Hello and welcome to Gtopia. We hope you had a pleasant journey in and look forward to showing you the sights and sounds of this luscious, pixelated place in the sun. We’ll start the tour at The Ominous Castle of Ominousness and will then be moving on to The Great Mine, before concluding with The Great Sky Towers. Please stay close and try not to die. Thank you.
The Ominous Castle of Ominousness was started to make The Great Lake by The Great Hill more interesting. Built from stone from the adjacent Great Mine, The Castle is still very munch under construction and some say that it will probably never actually be completed. Inside is furnished with flagstone floors and stairs, though is currently closed to the public due to the secret construction of a dungeon/interior mine and emergency exit. The Inside of The Ominous Castle has flooded approximately four thousand times in the last three days. Now, if we turn directly around we can see The Great Hill and our main attractions.
On the left we can see the three Great Sky Towers. We’ll cover these in more detail later as on the right we can see the entrance to The Great Mine. Constructed for resource excavation and also as an excuse to dig through a mountain, The Great Mine has been active since Gtopia was first founded. So far, approximately 6 billion tonnes of stone has been excavated – most of which went into building The Great Sky Towers. Let’s go inside.
Before us are The Great Entrance Steps. Most of the light in here is actually natural, coming from the skylights above. Ten people died building the skylights – during the enquiry it was asked why standard torches were not used instead. Skylight Commissioner and Designer Edward Fenningdon answered with the controversial statement “Light should be natural wherever possible. If this means the death of ten idiot workers then so be it.” Let’s go down.
And finally we are in The Great Hall. Not actually that great, The Great Hall acts as a hub to the mine its self which carries on forwards but is rather boring and to The Great Underground Cavern which is off to our left through The Great Blood Entrance.
Ha! That was a little joke. It’s not actually blood but rather unused circuitry that we put there to freak people out. We are hilarious. Through the blood entrance is The Great Underground Cavern. Discovered completely by accident the Cavern is a natural wonder. It has still not been fully explored because any attempt to plumb the depths means certain death through getting lost. It is, however, a natural beauty.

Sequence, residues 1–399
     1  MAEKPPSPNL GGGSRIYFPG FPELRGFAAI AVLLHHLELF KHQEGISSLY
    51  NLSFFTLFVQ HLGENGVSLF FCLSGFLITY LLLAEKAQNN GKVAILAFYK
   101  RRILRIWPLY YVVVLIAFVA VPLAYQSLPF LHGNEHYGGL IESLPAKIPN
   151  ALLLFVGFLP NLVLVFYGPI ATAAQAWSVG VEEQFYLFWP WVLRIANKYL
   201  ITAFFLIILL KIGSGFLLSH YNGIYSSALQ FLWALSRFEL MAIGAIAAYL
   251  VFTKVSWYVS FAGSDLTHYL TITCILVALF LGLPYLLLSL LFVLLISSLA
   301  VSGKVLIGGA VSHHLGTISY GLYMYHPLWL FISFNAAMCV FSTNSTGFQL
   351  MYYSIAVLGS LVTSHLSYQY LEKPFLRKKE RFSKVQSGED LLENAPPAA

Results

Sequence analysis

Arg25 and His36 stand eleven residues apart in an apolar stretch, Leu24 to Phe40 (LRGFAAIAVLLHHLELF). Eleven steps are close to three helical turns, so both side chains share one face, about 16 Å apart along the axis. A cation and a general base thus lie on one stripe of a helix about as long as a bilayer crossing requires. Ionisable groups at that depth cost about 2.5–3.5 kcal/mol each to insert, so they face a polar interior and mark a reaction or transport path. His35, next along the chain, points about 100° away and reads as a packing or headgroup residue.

The entrance opens into a huge, gushing waterfall that we only assume is responsible for the entire place. Let’s follow it down a little. Watch your footing, and again, try not to die.
Here we see the water in full flow. Most of the cavern is still natural but for accessibility and prettiness some has been modified. You will notice a tree surrounded by water installed by Ser Craigliss Lageer because “underground trees are cool, right?”.
As you can see, from that single waterfall water travels throughout the cavern into the depths of the world itself. Estimates put the amount of water passing through here each day as “infinite” and experts say the water is “The bluest water to ever have been”.
If we turn off to the left we will get into the most developed area of The Great Cavern. Here we see another underground tree and some sort of flaming shrine along with some crude water channelling. This note was found from Ser Lageer close to the site: “Need more underground trees. Got some planted but they are short of light. Constructed a giant darwinian to attach torches to – hope it works”. We can only assume Darwinian refers to the shrine, but what it is we still don’t know.
Off to this side we see what is affectionately called “Lava tree”. Planted and constructed by Edward Fenningdon, we assume it was an art installation as a statement on life surviving, if not thriving, against the odds. Some argue though that he was just an idiot who liked the term “Lava Tree”. We will never know.
A bit deeper we see the artificial beech. Considered one of the many huge failings of the Lageer – Fenningdon collaborations, the inside beech is neither tranquil, pretty, nor serving any function. It is rumoured that it hides valuable obsidian underneath its waters for later mining, but anyone who has ever tried to find out has been killed in a “work related accident”.
Close to the Beech are these breath taking Fire-Falls with pools off magma below and various, good observation platforms. This is known among staff, unofficially, as the “Obsidian investigator interrogation room” though we can’t get an explanation as to why.
This concludes our tour of The Great Mine. If we head back to The Great Hall we can nip out of one of the quick exits and take a look at the Sky Towers via The Garden Path. Have we lost many of you on the way? Six or so? That’s not too bad. They’re probably dead already now. Ha! Ahem.
The Garden Path was first constructed to link The Great Main Entrance to The Great Mine to the semi-secret entrance ladder we just used. It was later put through a very technical process known in the business as “Tarting Up” to make it pretty for any visitors. Now to climb Great Sky Tower A. Be careful not to slip – there are no hand rails and falling means instant death
Everybody up? Ok. If you look down then you can see everything below us – The Ominous castle, The Great Mine, The Garden Path and, in the distance you can just about make out one of Edward Fenningdons other art pieces – “Beech Cock”
Be careful on these bridges now. Just ahead is feature we call The Great Drop. A vertical tunnel that goes from the highest point of Gtopia to the lowest -a custom built pit for tourists. Follow me please.
Why not take a look down? Yes it’s very deep. What? Oh – I said it was a tourist pit. Oh don’t worry. You’ll be fine. Way out? No, I’m afraid not. Sorry. *push*.